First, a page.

Just Around the Next Bend

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The on-going lessons learned from a canoe trip

The map showed 3 pull-overs- disruption in our forward progress that routed us around rapids impassable by canoe. We lost count at 7. We pulled our packs out, pulled the canoes over and got them to the other side, only to find a 50-yard paddle to the next obstacle. This was supposed to be a canoe trip, not an exercise in futility, but sometimes that distinction got lost! “Maybe the next one will open up into a navigable stream,” we kept telling ourselves, but by the time the river eventually opened, we had long ago stopped counting on it anytime soon.

It has been many years since I had taken a “real” Boundary Waters canoe trip- the kind where you move every day - retracing the path of the early trappers and traders who were searching for beavers so folks in England could wear felt hats. It was a challenge that Julie and I, and another couple, had laid out for ourselves. Could we still do this kind of trip in the middle of our 5th decade?

The last day began in high spirits as we shared what we were going to have for lunch when we got back to civilization that midday- cheeseburgers, fried pickles, cold beer. After 5 days of freeze-dried food, rye krisps and trail mix, the thought of this reward at the end kept us moving. When it became clear that we would miss the lunch hour due to our slowed progress, we switched to dinner, though the menu remained the same. As the hours ticked away, our goals and expectations shifted. at some point I think we all started to think, “Let’s just make sure we get out of here before dark,” though no one dared to say it out loud.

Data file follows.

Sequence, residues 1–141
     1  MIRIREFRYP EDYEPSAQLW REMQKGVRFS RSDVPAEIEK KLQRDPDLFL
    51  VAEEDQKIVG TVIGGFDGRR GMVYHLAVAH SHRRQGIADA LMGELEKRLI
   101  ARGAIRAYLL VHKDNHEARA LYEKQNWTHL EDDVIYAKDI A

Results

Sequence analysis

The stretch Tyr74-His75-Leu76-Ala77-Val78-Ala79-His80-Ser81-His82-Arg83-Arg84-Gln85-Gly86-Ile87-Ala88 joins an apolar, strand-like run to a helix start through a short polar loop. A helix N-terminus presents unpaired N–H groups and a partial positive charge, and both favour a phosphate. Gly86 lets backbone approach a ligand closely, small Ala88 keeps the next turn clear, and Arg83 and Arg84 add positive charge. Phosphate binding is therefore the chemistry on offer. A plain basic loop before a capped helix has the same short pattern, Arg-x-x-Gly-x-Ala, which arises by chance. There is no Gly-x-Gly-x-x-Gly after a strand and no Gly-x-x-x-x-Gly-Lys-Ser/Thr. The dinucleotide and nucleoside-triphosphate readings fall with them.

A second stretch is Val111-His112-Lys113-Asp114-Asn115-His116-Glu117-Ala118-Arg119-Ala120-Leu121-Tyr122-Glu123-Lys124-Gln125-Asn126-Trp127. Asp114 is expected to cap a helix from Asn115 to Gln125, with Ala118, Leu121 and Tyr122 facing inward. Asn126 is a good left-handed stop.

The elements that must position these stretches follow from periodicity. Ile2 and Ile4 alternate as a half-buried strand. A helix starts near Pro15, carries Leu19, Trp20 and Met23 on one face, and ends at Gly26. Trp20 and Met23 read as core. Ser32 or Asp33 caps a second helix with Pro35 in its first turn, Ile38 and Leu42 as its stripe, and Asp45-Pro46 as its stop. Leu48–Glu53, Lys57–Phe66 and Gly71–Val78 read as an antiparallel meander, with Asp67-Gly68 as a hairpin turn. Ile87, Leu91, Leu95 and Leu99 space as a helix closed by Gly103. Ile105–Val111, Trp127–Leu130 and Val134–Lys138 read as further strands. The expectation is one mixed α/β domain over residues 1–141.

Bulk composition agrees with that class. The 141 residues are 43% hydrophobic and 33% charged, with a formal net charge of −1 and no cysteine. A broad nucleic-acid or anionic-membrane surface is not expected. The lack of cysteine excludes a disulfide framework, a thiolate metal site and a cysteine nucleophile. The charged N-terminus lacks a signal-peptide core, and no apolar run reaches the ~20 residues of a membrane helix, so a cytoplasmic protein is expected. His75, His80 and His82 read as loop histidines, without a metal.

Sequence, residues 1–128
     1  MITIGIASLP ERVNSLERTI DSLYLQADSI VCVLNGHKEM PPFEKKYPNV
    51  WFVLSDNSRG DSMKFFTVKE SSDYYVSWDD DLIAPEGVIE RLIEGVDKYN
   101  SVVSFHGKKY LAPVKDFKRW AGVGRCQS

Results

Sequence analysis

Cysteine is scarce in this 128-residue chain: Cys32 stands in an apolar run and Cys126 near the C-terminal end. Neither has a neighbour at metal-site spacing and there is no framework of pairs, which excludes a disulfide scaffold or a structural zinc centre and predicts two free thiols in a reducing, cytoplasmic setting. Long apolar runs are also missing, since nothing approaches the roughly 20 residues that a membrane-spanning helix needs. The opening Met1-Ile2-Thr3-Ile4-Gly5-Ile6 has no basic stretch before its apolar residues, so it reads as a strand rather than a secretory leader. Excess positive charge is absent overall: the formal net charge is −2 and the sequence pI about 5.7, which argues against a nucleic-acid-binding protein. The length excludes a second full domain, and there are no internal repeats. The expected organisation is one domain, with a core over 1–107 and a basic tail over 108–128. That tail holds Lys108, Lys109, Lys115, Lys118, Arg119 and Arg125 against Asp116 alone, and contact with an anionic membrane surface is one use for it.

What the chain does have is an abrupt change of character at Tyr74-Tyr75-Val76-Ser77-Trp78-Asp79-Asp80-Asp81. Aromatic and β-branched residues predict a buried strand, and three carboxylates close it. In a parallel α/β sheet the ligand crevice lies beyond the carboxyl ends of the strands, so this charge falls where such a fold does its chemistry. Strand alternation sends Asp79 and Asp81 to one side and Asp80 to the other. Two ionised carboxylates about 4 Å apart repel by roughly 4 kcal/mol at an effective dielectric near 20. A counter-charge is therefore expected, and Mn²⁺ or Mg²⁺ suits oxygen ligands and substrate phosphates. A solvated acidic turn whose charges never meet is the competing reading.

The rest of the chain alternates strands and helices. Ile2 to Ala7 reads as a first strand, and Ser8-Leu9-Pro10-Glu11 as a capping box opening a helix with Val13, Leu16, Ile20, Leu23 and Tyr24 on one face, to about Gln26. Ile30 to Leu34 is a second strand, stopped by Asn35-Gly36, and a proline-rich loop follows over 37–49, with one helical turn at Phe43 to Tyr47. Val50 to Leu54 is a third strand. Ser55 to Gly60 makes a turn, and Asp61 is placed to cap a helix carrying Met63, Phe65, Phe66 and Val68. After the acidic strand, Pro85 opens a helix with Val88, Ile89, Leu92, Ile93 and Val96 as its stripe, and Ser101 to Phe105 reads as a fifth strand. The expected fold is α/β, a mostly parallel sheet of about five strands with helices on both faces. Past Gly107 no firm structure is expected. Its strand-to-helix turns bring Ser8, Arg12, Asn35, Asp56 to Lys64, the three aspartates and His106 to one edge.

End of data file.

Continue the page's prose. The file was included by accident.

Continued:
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One of my predecessors at Camp Mishawaka used to refer to an extended canoe trip as a “controlled hardship,” the kind of experience that made you appreciate the conveniences of modern life, put them in perspective, built resilience, confidence and muscles that you never knew you had. At every bend, we felt the hardship as we shifted our expectations but found the control a bit more elusive. All we could do was push forward. We couldn’t control the water level, the placement of the obstacles that nature had placed in front of us, or what the low water had revealed.

As we took the last portage into our exit lake, spirits lifted and we allowed ourselves to think, once again, of hot, fried food. The map showed about a mile of paddling left, about 20 minutes in normal conditions, but we were greeted with yet another obstacle. The river dried to a stream and then just a trickle, forcing us out of our boats and into the water to drag them forward the remaining distance. And, yet again, thoughts of an exit feast vanished. We just wanted to get out before the sun went down. It had taken us the better part of all day to cover a distance that should, in normal conditions, take just a few hours.

When we finally arrived at the landing, loaded the canoes and headed towards civilization in clean, dry clothes we had left in our car, our spirits lifted again, this time to stay. We had made it! We’d spent the last five days laughing, working, sweating and swearing. We had not seen anyone in a mask and almost forgotten about the pandemic. We were reminded that each bend in the river brings new opportunities as well as challenges, and somehow I think we all feel a little better prepared to chart the course ahead, adjust our expectations, and keep moving forward. Sometimes that’s both the best and only thing we can do.

By the way- we did get that hot meal, and just in time. We arrived at the restaurant just as they were closing, ordered two entrees each from their limited COVID menu, a cold beer, and took our place on the patio wrapped in blankets. Food had never tasted so good, even if we couldn’t get that cheeseburger we had all longed for.

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